Four years after masons put the finishing touches on the Davidsonville home of former Teamser leader Frank DeBrouse, and within months after federal prosecutors began investigating who paid for it. DeBrouse has been sued for $154,711 for alleged past-due payments.

The suit was filed in Anne Arundel County Circuit Court by Lyon Builders, Inc., which built the $290,000 home in 1973 when DeBrouse and the company president were on friendly terms.

Now DeBrouse is saying in court documents that he won't pay another cent to Lyon Builders because the firm did such a poor job on the house: the skylight dome leaked, the pool deck was inferior, the wallpaper was water damaged.

Last Sunday night, DeBrouse had a different problem. Two men entered the luxurious home, held DeBrouse at gunpoint while robbing him and then tied him up along with his wife, daughter and her friend.

The men knocked on DeBrouse's door shortly after 10, said they were having car trouble and asked to use the telephone. As soon as they were let in, the men pulled out handguns and in the next two hours stole $500 in cash, a portable television set, jewelry and a rifle, Anne Arundel County police said.

There have been a number of similar "knock and rob" cases in that neighborhood recently, the police said. DeBrouse's was the second in three weeks.

A person associated with DeBrouse's legal affairs said yesterday that the robbery was "the last thing he needed, with all his other troubles."

In the suit, Lyon Builders is asking DeBrouse and his wife Gloria to pay the $154,711 because of cost overruns and because DeBrouse allegedly still owe $35,000 of the originally agreed-upon price of $170,000 for the house.

John W. Lyon, president of Lyon Builders, also heads a multi-million dollar firm called Excavation Construction Inc. That firm has come under the scrutiny of federal prosecutors because of allegations that it was part of a labor-management racketeering scheme.

When DeBrouse's home was under construction, he and Lyon were considered friends.

According to court documents, Excavation Construction Inc. threw a party for DeBrouse that year to help him win reelection as president of Teamsters Local 639 in Washington.

Now the two men are quarreling in court papers over leaking windows, cracks in foyer tiles and garage doors. They have both also received subpoenas from the office of the U.S. attorney in Baltimore.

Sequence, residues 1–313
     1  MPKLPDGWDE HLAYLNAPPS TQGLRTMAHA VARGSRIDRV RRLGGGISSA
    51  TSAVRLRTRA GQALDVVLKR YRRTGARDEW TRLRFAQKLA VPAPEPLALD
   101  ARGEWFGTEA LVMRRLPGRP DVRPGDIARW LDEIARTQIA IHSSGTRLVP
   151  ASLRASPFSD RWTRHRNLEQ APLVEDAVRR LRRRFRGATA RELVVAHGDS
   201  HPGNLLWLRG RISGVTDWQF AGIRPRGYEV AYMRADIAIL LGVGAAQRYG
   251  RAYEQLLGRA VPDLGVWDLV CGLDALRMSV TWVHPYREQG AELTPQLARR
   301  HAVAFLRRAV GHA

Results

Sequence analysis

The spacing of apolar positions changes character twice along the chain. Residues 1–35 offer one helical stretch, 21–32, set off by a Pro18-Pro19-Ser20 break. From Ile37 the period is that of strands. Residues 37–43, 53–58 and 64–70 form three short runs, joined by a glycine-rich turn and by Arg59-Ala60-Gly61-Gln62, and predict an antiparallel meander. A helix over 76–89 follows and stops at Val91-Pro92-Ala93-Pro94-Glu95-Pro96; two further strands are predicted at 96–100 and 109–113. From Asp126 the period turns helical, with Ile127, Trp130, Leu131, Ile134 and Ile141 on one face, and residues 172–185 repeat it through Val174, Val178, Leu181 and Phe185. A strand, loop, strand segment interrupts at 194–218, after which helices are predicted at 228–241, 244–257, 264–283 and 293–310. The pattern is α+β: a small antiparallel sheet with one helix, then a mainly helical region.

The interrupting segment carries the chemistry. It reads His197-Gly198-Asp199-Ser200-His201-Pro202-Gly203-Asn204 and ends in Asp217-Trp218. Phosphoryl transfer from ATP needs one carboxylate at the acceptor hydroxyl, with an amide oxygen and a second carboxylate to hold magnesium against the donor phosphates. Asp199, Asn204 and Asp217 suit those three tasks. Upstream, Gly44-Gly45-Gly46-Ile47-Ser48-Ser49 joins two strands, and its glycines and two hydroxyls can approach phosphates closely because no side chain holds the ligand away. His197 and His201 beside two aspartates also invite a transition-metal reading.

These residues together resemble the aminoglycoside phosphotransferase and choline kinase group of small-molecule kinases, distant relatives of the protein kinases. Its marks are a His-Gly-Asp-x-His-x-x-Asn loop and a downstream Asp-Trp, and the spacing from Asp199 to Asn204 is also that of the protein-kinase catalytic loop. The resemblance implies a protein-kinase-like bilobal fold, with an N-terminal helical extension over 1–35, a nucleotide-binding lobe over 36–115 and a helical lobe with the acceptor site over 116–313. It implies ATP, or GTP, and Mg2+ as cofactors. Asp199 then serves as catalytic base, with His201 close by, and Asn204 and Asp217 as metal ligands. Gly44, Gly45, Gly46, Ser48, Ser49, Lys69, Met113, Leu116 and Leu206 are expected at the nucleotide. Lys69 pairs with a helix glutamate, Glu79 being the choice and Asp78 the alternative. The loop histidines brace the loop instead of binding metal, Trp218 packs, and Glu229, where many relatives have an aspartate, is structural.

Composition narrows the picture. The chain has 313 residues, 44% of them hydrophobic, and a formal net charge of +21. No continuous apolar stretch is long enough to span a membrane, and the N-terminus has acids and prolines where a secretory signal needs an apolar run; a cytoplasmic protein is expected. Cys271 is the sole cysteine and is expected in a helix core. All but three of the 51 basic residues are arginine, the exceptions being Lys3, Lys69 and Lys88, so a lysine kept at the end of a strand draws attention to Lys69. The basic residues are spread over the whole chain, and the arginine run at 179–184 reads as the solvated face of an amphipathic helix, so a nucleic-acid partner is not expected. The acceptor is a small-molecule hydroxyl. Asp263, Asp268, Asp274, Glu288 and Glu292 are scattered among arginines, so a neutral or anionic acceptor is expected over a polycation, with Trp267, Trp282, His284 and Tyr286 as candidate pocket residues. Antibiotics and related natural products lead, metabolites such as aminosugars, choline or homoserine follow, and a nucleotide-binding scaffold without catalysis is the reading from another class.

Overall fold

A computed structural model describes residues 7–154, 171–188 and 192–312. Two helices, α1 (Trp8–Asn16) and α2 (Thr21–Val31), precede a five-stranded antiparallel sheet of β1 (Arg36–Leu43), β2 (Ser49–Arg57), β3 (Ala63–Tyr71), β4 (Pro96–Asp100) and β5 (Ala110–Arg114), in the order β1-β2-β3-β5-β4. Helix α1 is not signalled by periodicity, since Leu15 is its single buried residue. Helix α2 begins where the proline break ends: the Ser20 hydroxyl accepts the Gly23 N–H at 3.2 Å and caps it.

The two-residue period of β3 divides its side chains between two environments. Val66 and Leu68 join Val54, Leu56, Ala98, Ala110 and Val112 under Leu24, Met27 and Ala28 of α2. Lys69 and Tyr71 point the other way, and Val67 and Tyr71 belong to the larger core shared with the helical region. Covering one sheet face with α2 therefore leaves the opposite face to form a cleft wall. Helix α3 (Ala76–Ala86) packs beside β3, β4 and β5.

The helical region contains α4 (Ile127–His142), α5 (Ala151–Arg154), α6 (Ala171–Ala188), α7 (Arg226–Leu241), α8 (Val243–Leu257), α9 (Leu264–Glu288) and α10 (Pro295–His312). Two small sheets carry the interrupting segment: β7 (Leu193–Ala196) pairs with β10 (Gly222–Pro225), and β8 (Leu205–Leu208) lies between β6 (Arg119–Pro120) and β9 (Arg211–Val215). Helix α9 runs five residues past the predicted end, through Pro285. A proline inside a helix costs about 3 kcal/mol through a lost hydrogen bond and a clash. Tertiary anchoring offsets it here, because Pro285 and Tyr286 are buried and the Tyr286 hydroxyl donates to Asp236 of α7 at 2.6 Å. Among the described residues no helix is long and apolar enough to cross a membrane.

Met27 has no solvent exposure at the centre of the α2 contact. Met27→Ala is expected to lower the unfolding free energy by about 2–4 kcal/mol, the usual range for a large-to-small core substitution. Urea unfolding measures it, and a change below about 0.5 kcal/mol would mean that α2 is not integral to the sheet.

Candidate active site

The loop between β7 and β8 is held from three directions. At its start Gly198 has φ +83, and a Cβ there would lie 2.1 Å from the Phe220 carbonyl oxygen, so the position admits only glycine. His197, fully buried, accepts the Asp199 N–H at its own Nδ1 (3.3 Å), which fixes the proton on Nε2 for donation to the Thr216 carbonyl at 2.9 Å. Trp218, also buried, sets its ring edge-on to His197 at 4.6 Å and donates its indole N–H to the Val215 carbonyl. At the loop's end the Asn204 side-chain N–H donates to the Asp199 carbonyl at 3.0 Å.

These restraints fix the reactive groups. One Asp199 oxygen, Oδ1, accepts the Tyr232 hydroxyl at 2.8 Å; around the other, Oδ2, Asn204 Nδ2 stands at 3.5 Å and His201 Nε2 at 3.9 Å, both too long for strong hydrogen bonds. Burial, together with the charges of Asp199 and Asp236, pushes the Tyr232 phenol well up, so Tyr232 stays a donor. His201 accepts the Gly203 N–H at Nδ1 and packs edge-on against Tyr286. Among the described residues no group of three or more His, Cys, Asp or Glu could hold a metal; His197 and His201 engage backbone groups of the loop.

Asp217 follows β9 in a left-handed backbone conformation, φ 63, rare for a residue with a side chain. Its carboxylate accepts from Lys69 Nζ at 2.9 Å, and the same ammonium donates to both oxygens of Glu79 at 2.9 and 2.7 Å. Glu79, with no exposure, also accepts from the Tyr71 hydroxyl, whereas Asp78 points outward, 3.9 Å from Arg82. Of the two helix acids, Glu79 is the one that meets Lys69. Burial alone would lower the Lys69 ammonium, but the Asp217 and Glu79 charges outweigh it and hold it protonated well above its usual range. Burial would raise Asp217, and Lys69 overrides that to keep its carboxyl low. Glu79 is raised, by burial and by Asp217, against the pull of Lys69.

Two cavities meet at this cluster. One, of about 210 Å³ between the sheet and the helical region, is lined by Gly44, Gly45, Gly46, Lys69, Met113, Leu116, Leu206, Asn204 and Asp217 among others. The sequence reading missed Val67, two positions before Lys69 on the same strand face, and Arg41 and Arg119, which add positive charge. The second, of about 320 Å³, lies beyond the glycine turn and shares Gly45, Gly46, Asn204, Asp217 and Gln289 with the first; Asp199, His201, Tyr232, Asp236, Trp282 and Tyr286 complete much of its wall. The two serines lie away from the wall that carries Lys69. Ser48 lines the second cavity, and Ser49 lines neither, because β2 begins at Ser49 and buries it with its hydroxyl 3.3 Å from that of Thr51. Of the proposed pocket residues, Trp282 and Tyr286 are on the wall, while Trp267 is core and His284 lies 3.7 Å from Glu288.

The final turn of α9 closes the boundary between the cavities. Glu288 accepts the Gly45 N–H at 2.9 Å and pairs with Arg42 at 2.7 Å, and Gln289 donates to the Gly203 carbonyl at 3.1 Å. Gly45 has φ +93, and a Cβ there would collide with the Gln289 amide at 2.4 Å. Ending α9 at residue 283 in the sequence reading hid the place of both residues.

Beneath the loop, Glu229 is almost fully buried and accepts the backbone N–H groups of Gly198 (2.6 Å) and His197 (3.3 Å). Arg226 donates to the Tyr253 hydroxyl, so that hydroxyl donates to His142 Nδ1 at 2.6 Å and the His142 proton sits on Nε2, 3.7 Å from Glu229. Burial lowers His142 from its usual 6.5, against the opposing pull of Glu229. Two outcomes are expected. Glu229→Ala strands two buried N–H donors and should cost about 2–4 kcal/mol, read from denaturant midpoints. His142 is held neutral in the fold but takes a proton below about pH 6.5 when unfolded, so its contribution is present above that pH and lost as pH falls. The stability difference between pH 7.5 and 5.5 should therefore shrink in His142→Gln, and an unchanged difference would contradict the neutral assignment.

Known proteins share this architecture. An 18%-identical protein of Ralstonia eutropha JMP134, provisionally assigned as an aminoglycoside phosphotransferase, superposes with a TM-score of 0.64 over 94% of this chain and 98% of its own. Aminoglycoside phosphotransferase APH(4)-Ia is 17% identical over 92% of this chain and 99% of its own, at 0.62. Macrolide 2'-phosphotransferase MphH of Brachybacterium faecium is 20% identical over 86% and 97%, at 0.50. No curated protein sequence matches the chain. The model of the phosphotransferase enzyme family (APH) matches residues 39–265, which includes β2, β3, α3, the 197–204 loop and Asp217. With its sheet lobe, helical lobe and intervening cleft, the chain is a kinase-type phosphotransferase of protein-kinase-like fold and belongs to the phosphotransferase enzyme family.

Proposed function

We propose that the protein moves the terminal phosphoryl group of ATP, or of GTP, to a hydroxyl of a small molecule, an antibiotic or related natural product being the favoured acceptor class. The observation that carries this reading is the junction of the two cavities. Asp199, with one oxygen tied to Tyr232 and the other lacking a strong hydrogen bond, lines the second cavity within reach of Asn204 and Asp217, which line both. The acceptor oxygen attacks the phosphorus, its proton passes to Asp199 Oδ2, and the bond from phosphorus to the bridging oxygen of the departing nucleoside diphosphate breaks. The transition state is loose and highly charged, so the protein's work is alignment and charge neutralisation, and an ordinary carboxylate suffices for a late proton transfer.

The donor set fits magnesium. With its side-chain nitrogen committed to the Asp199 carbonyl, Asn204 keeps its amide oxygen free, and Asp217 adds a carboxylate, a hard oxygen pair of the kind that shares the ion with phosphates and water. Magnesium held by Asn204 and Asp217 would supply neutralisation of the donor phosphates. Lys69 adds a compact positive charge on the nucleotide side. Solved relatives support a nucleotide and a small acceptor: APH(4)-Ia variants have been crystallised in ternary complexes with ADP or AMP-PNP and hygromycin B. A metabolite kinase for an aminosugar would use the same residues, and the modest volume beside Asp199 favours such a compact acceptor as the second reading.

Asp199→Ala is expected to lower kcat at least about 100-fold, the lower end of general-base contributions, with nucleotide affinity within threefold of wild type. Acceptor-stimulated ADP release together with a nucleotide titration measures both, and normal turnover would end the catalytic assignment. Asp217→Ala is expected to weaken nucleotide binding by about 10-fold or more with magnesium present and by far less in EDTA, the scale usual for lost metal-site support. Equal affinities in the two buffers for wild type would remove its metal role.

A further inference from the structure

That office is conducting a grand jury investigation into allegations that former Teamsters officials in Washington and Baltimore cooperated with management figures who employed members of their union in return for special benefits, according to informed sources.

The Davidsonville home, set on 2 1/2 acres with a swimming pool and tennis courts, has figured prominently in the investigation, sources said.

As a result of this probe, Giant Food Inc. pleaded guilty last month to making illegal payments of $10,000 worth of carpeting for a house owned by an unnamed union official who had control over a number of union members employed by Giant.

The only union official who matches the description given at that court hearing is DeBrouse. Assistant U.S. Attorney Robert Rohrbaugh said that two top Giant executives gave the union official the services of an architect as well as the carpeting.

Rohrbaugh also said in court that Giant had tried to collect payment for the carpets from the union official but had then written off the cost on company records.

Albert J. Ahern Jr., attorney for DeBrouse, has denied that DeBrouse has been a party to any wrongdoing. In the answer DeBrouse filed to the Lyon Builders suit, Ahern accused the building firm of using cheap and inferior materials for DeBrouse's house and provided a three-page list of alleged imperfections.

Albert J. Ahern Jr., attorney for DeBrouse, has denied that DeBrouse has more than compensates . . . for the actual work done and materials installed on the job."

Ahern has refused to comment on details of the investigation. He claims that it is the result of bad feelings between DeBrouse and Daniel George, a union insurgent who defeated DeBrouse in the 1977 election for leadership of Local 639.